Google wants more airwaves for broadband

March 24, 2008: 2:55 PM ET

By Michal Lev-Ram

The wireless spectrum auction ended last week but Google is not done lobbying the Federal Communications Commission.

On Monday the company sent a letter to the FCC outlining what it would like to do with so-called "white space" -- airwaves found between broadcast channels that will become available when television switches from analog to digital early next year. Unlike the five blocks of spectrum recently up for auction, these airwaves are unlicensed and largely unused.

Google (GOOG) is proposing that the spectrum be used for mobile broadband services, including Internet access for upcoming -- you guessed it -- Android-running phones, which use an operating system promoted by Google. The company says it will ensure that devices operating in the unlicensed spectrum won't interfere with TV channels or wireless microphone signals, and that it intends to provide the "technical support necessary to make these plans happen" at no cost to phonemakers.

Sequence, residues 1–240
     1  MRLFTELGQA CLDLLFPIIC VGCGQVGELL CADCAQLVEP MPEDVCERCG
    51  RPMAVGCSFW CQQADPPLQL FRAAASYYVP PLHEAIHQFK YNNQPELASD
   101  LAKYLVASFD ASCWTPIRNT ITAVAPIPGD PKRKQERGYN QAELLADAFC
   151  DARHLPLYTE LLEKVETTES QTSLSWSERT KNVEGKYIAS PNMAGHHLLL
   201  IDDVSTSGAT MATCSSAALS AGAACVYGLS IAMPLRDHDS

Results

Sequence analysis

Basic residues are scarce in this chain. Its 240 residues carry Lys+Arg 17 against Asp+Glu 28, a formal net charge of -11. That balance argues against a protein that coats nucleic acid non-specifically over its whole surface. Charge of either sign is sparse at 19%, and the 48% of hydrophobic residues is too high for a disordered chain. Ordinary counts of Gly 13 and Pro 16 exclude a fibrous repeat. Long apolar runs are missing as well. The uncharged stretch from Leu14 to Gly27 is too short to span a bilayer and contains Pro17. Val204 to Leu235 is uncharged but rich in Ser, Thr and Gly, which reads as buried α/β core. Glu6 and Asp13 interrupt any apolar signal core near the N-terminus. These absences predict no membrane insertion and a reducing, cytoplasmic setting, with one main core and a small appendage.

The company said it is confident its proposal will "eliminate any remaining legitimate concerns about the merits of using the white space for unlicensed personal/portable devices."

Google's not the only one pushing the FCC to allow the unused spectrum to be used for mobile broadband services. Microsoft (MSFT), Dell (DELL) and Hewlett-Packard (HPQ) have also joined the "White Space Coalition." But the proposal has drawn plenty opposition from groups like the National Association of Broadcasters, who worry that using white space for a wireless broadband service will interfere with digital TV transmissions.

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About This Author
Michal Lev-Ram
Michal Lev-Ram
Writer, Fortune

Based in Silicon Valley, Michal Lev-Ram covers enterprise and mobile technologies for FORTUNE. Prior to joining FORTUNE, she wrote for CNNMoney, Fast Company, Popular Science and other business and technology publications. She was also a staff writer at Business 2.0 and holds a B.A. in journalism from San Francisco State University.

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